LIND LEANS BACK in his chair and laughs when I ask if his neighbors in Huntersville know what he does when he’s not hanging out at Lake Norman. “They have no idea,” he says. “And it’s not because I’m trying to be all Greta Garbo and want to be left alone; it’s just because The Sonics aren’t played on the radio here and no one would know who we are.”
His wife Suzanne still works in the airline industry, and when the two are out on the town, people sometimes ask, “Now that you’re retired and Suzanne’s flying, Rob, what do you do?” Lind laughs again. “My stock answer is: ‘Suzanne does all the flying around here and I’m charge of vehicle maintenance and lawn care.'”
Suzanne Lind’s reply when her husband isn’t around is a little different. “When she meets people in Charlotte nowadays and they ask her what her husband does, she’ll say, ‘Oh, he’s a rock ‘n’ roll musician.’ She doesn’t say I’m a retired airbus captain; she says I’m a rock ‘n’ roll musician. And generally what she gets back is, ‘Oh, does he play at Midtown Sundries?’ ‘Uh, no, not exactly.'” He laughs harder this time. “We get that all the time.”
Even Lind’s 30-year-old son Robbie, a Charlotte stock broker, didn’t know about his dad’s storied garage-rock past before The Sonics reformed. “When he was growing up, he was aware that I was a fighter pilot and that was his big thing,” Lind says. “He’d draw pictures of airplanes and stuff. But he got interested in the band after we started playing again and he started reading about the ‘legendary’ stuff. He’s been real proud of me ever since. He’s all over our Facebook page, which is full of propaganda. And he’s my first mate — he’s my boat dude.”
As for the poker run that the Peninsula Yacht Club holds on Lake Norman every June 17, Lind won’t be making it this year. “I always look forward to that,” he says. “I just love it. I get my son and one of my old flying buddies and we go out there and spend all day on the lake just having the best time.” He looks down, slightly disappointed. “But I won’t be able to do it this year,” he says, and then smiles again, “because this June 17 I’ll be in Mexico City with The Sonics.”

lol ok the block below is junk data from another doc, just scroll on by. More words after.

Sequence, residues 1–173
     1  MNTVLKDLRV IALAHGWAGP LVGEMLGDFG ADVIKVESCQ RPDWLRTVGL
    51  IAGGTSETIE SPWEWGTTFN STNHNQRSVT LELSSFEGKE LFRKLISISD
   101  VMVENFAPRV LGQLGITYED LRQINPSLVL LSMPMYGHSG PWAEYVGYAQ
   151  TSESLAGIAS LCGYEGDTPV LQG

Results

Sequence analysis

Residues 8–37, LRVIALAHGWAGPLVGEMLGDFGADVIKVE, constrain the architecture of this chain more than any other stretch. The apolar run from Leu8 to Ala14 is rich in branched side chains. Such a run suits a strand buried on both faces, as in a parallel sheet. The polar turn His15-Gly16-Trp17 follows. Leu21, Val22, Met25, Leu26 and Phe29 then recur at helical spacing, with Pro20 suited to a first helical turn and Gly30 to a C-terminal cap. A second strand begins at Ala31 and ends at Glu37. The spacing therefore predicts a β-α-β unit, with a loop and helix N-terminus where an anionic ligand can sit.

If any of the Linds’ suburban neighbors happen to make their way to the Neighborhood Theater this week, they’ll likely be in for a shock. Lind says “garage rock” is a misnomer for The Sonics; he sees what they do more in terms of the raw and bratty hard rock AC/DC is known for than the more reverent blues-rock hybrid that the White Stripes played.
“Our whole deal — and I mean this in a nice way — is to come out onstage and punch you in the mouth,” Lind says.
Even if nobody comes to see the show?
“It doesn’t make any difference to me,” Lind says with a laugh. “Whether we play for 10 people or 10,000, we’re going to do the same thing. We’re going to come off the stage, soaking wet, drinking bottled water. Because that’s what we do.”
He gets serious again, but the self-doubt seems to have faded.
“I’m hopeful that we’re going to get a decent crowd in Charlotte, but I’m not sure of it. Charlotte’s kind of fickle about live music,” Lind says.
“But whether we do or don’t, I’m real proud of The Sonics,” Lind adds. “I love what we’re doing. And that’s what keeps me doing it.”